on the silk route 2010 / 2012


This is my diary for the Dutch radioprogram Andere tijden. Click here for the dutch version of this report and a link to the radiobroadcast. Sulky made it back to the Netherlands by ship from Bombay. Anyone interested to take care of the little hero can apply for hosting.

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October 13

Despite numerous border crossings with Thailand, Laos, China, India and Bangladesh you can only enter Myanmar via the airport of the capital Yangon. My visa is arranged in Bangkok, this is the most common hub to Yangon. It’s always a bit exciting to enter Burma, tourists pick up their visas at the embassy and curiously examine the result. Experienced visitors to Burma are never assured of approval according their activities. My main goal is founding a new microcredit-network for Culture for Microcredit. Burma is the last leg of my journey along the silk route. I drove a minicar with 30 km per hour to India, I visited several charities along the way and I ask attention for the humanitarian situation in Burma. I also raise money for the project I am about to set. In the airplane I already find out about the Burmese hospitality. I sit next to a guy who has just returned from the Czech Republic where he studied three months. It strikes me that in this public space he speaks openly about the limitations of his country. He comes from Chin State in northwestern Burma, a state that is predominantly Christian. Like most of Burma, this is not accessible to me as a foreigner.

October 14
I meet a Swiss guy who is here for the gems trade. He tells me that the finest rubies come from Burma and that as many as 90% of the world’s rubies come from Burmese mines. The gems trade is one of the main financial sources of the military government. Together we try to find the black market to U.S. dollar exchange. The official exchange rate at the bank is about 400 times lower than the true value of the kyat so all tourists and locals find their way on the black market. After asking around at the regular places the black market seems not to exist anymore, even the jewelry traders can’t help us.  I’m hungry and hurry is a dangerous motivation to change money in Burma. Fortunately, my Swiss friend has some Kyats. We drink tea and order a Burmese noodle soup before we reopen our pursuit to money.

October 15
Street life starts early in Yangon. Numerous vendors shout their offers in my ear. Downtown Yangon I see the typical frenetic scenes of the capital of a developing country. There are no soldiers on the streets. When I make a chat with someone a man listens obvious to our conversation. Is he secret police, or simply a curious passenger? The black money market moved to an official exchange office where six state banks now pay the actual market-rate. Each note is carefully inspected. Clean hundred dollar bills without folding provide the best rate. After 2 days I finally got my money changed.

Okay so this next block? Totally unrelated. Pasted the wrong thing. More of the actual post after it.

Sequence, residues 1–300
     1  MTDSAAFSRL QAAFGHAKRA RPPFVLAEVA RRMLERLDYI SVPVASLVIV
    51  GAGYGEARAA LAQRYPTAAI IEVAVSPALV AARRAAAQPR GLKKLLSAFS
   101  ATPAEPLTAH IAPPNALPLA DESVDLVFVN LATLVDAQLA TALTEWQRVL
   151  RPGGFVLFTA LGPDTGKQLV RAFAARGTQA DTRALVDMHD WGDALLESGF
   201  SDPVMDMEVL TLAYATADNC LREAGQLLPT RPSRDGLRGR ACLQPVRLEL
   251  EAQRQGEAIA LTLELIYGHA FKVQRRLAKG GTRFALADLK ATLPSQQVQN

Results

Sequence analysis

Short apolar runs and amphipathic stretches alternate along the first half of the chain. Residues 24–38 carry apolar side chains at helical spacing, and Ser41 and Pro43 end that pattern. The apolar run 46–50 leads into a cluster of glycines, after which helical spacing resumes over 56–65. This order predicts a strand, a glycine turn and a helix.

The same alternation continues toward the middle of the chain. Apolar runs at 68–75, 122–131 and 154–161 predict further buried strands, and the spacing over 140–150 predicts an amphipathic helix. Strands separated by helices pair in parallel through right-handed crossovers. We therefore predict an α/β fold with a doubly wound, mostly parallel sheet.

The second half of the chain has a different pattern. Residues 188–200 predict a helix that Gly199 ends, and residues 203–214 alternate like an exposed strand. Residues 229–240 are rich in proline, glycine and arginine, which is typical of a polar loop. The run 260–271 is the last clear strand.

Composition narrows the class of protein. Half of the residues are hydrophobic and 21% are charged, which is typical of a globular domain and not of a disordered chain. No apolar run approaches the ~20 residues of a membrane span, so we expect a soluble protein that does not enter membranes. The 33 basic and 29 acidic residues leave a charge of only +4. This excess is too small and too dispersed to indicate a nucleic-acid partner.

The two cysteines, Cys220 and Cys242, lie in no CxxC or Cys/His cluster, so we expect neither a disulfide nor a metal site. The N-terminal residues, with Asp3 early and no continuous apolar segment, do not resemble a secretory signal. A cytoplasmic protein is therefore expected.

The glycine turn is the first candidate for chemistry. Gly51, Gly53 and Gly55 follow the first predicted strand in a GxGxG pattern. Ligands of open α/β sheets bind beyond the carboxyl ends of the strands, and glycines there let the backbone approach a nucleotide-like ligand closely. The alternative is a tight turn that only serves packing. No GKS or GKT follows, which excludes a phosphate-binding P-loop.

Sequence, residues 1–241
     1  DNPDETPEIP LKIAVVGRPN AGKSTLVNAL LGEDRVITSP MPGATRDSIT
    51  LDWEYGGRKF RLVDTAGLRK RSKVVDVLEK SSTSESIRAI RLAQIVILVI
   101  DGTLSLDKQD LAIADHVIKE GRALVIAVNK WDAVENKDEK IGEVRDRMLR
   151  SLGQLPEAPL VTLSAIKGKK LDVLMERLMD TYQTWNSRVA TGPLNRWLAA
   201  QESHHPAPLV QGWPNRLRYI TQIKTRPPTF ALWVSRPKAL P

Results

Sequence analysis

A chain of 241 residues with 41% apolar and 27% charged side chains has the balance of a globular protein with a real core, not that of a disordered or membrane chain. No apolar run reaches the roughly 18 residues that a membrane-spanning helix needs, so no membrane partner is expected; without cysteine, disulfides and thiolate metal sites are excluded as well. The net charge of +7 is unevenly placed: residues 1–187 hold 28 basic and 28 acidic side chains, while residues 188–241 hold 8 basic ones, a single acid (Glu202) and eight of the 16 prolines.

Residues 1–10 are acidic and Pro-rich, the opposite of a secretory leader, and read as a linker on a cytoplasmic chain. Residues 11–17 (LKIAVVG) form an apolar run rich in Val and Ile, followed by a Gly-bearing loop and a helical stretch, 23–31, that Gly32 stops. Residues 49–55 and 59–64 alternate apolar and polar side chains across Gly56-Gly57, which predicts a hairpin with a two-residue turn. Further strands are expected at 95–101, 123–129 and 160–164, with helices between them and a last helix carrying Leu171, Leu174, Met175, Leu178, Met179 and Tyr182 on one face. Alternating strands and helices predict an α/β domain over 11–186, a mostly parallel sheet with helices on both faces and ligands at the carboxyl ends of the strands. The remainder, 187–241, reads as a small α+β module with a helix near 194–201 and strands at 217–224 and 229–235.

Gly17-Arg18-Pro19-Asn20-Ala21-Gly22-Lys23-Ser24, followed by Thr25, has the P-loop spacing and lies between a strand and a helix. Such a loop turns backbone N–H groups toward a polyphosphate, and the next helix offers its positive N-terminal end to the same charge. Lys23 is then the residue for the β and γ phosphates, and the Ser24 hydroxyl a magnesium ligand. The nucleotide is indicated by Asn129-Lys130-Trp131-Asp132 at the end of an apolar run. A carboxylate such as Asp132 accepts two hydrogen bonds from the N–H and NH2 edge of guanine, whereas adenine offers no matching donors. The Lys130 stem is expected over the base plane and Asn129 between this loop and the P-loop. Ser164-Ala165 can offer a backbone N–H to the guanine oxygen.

October 16, 2011
I book my flight to Sittwe, the capital of Rakhine State in western Burma. I prefer to travel over land, this is not possible without special permission. Rakhine or Arakanese are one of the ethnic minorities in Burma with a strong urge to self-governance. Rakhine State was the first region colonized by the English in the 19th century and therefore had always had a privileged position in many important posts in Burma. Today these priviliges are reversed and the region is even according Burmese terms undeveloped. The water supply in the city is still from the British time and no longer updated or adapted to present needs.

17  October
The morning flight to Sittwe is an experience itself. The view over the Irrawaddy-delta confirms the status of Burma as the world’s granary. However, since the military took power in 1962, the value of rice exports decreased to 15% of the initial quantity because of mismanagement and corruption. It is hot when I arrive; The streets are filled with triksha’s, bicycletaxis. The drivers have a darker complexion then the local rakhine. Most are immigrants from Bangladesh, who seek their fortune in the less densely populated Rakhine state.

October 18
In the morning I visit the cooperative that manages our microcredit fund. I am translated by the contact person of Culture for Microcredit with the beautiful Arakanese name: Maung Nyint Sein. I am pleasantly surprised by the organization’s skills. The cooperative supports with a capital of 15,000 euros more than 400 vulnerable women entrepreneurs. Based on the microfinance theory by Nobel Laureate Muhammad Yunuz this vulnerable group gets a chance to build a savings capital what normally would be lost to the monthly rate of 20 percent of the loan. Currently this is only 2.5%. Moreover, the cooperative offers an annual savings interest of 12.5%. There is informative sessions and all beneficiaries are member of a self-help group which guarantees payback because they are responsible as a group.

October 19

Today’s appointments are largely canceled because of a mild hurricane over Rakhine State. In recent years, the Burmese coast is ravaged by hurricanes like Nargis and Giri. Reconstruction of basic necessities develops very slowly, especially since the international community disaster funds have dried up. The resistance of the military government is painful. Assistance was offered by various international organizations but widely rejected by the government because of fear of foreign interference and the visibility of their own failure to support the population. In the delta of the Irrawaddy-river only 5% of the 900 destroyed schools are rebuilt after 3 years.
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